This will be my last post as a 31 year old. On Sunday, I will be 32.
Ten years ago, I was about a month removed from my college graduation. I was working at Hollywood Video, living in a scummy apartment with my best friends, and right around that time, I survived on just canned green beans for nearly a week. Green beans with ketchup. Baked green beans with Worcestershire sauce. Green beans cold straight from the can. Chased with water, or ketchup, or a Coors Light stolen from my roommate, Chip.
I’d never heard of “church planting.” It wasn’t until October of 2003 that Becky and I became aware of Common Ground, and it wasn’t until about three years later that I really understood church planting. And since then, it has been my somewhat-secret passion. Around 2008, I began a friendship with a man named Paige Mathews. Well, we have as much of a friendship as seeing each other for PCTC meetings 6 to 8 days a year allows. Paige told me stories of church planting, its significance, its struggles and the people involved in it.
I believe in church planting. I believe in the rejuvenation and hope new churches provide. I believe in it because I watched Common Ground, a church planted in 2003, change my life, my wife’s life and the lives of dozens of other people. I believe that without constant renewal and vigilance, churches run the risk of becoming a group of like-minded people who do things out of rote that make them feel good but isolate them from outsiders. Church planting has the capacity to remind Christians of Jesus’ words concerning coming for the sick, not the healthy. It reminds us that in Matthew 28, Jesus’ command was “go.”
This is not to say that “old” churches are irrelevant. That is far from the case. Planting churches requires resources, and established churches have those resources. I believe all churches, and in fact all Christians, should know about and actively support church planting. The support of and exposure to new churches will provide constant rejuvenation for you and/or your congregation.
Paige told me about Orchard Group, an organization that supports church plants in urban areas. When I came to Annapolis, I discovered Orchard Group was one of the organizations supporting The Annapolis Project, a yet-to-be-named church in Annapolis being planted by Josh Burnett. Eventually, the project became Revolution. Since 2010, I have had the opportunity to meet several people who work with Orchard Group or have planted churches supported by Orchard Group. Earlier this year, I went to a series of workshops at Exponential hosted by Orchard Group that reinforced the need for and benefits of planting urban churches. I cannot express how inspired I was by the men and women in that room. I sincerely hope that some of the people I met at Exponential become lifelong friends and partners in being more effective as the church.
Additionally, through Paige, Josh, and one of my other best friends/church-planter friends, Scott Ancarrow, I’ve been able to meet people from Stadia, another church-planting organization, and Southeast Christian Church’s U.S. Missions Ministry team, particularly Eugene DePorter, who oversees that church’s exemplary commitment to church planting.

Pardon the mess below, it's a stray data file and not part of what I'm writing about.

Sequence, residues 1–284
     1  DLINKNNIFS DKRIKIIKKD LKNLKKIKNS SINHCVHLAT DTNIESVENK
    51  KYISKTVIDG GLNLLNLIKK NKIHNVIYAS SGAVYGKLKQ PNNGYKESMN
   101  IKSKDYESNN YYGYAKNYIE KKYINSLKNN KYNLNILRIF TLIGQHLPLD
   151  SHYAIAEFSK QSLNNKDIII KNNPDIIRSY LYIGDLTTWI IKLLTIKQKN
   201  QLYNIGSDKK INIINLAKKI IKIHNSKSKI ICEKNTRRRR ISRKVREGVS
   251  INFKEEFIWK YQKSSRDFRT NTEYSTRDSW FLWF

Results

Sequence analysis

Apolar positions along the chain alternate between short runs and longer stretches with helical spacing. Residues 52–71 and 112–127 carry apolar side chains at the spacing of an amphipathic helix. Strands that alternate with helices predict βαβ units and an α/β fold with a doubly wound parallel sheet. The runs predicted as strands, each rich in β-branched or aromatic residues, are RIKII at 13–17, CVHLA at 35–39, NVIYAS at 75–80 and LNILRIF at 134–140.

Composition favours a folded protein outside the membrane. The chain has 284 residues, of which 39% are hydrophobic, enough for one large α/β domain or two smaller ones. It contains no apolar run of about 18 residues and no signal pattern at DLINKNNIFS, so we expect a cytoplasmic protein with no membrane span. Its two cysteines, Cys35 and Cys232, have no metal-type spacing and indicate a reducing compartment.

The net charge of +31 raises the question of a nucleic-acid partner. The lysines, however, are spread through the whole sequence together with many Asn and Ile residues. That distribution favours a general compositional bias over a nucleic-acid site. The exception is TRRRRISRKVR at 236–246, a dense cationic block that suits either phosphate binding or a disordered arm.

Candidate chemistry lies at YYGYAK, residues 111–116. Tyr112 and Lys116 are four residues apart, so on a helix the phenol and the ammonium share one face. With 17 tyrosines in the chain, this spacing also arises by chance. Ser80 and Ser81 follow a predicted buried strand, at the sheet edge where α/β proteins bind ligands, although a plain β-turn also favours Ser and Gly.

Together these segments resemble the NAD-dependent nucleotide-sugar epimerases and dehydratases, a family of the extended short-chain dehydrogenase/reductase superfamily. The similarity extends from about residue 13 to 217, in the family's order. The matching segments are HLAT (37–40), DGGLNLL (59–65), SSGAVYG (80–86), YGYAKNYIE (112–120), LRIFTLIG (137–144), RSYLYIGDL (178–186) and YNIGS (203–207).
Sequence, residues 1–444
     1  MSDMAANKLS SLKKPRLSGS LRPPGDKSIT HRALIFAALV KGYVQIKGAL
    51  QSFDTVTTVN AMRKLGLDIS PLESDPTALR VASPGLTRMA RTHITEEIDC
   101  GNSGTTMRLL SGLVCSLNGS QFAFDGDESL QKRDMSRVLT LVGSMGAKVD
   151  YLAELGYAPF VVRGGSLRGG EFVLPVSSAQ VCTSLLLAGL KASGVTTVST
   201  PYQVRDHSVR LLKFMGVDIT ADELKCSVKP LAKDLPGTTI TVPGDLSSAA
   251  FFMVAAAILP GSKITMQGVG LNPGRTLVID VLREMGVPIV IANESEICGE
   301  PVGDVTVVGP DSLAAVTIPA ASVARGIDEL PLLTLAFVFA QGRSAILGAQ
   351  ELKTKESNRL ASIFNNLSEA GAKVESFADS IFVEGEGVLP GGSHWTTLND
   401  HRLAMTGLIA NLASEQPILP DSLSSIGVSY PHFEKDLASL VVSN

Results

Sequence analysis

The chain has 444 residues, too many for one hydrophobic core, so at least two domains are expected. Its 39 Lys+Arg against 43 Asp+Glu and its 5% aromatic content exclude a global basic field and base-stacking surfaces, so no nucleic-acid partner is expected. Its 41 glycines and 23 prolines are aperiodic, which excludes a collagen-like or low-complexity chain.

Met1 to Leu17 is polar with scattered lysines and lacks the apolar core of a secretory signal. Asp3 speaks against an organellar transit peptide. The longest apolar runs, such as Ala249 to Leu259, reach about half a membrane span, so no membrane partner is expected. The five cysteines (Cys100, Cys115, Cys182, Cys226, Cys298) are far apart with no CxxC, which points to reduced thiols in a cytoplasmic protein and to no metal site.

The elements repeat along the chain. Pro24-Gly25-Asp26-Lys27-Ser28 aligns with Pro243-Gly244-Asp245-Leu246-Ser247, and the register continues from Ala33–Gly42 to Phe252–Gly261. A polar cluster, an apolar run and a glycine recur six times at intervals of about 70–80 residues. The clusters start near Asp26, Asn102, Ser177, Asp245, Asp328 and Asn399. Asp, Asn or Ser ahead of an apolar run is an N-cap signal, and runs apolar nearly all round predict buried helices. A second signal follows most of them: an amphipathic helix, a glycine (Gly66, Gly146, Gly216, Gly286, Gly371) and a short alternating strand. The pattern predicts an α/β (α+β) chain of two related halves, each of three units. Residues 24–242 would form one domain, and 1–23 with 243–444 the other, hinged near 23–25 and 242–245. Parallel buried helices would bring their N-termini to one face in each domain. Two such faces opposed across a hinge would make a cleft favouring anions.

So, as my birthday approaches and my 10-year college reunion passes, I find myself thinking about church planting. At this point in my life, I don’t think I want to plant a church as the lead pastor. I’m not really sure I have the right skill set for that. For example, I think my awkwardness on stage is endearing, but not a great posture for significant teaching. I do, however, believe my skill set lends itself well to helping church planters. I’m committed to and experienced in excellence, efficiency, strategy, planning, and so on. Throughout my MBA studies, I found myself answering questions on paper from my corporate perspective but writing notes in the margins to myself on how it would apply to churches and church planting.
I believe church planting is one of the most important tasks for the modern church.
So, as this is already long, I guess I should end with, “So what?” And I don’t have a good answer for you. At Exponential, I misphrased an enthusiastic declaration to Brent Storms, the president and CEO of Orchard Group, and exclaimed, “I want your job.” It was seriously the most embarrassing thing I said during the entire month of April. Fortunately, Brent understood my intention. I want to do what he does, in some capacity. I want to help church planters. I want to be an expert in church planting. I’m already doing some of these things, but I want to know how I can help more; not so I can get accolades but because I believe church planting is so important, so critical, that I want to do whatever I can to help it.
I don’t fit the mold most of the time. I direct worship music at Revolution, but I play bass and don’t sing. I enjoy spreadsheets as much as I do jam sessions. I used to direct small groups, but I also create budget projections. I have a degree in Geology (and an MBA, now, too).
I don’t know what my role in church planting will be over the next ten years, but I know one thing for certain: God has placed this passion in me, so I will act on it and will have a role.
If you believe in church-planting, what are you doing about it?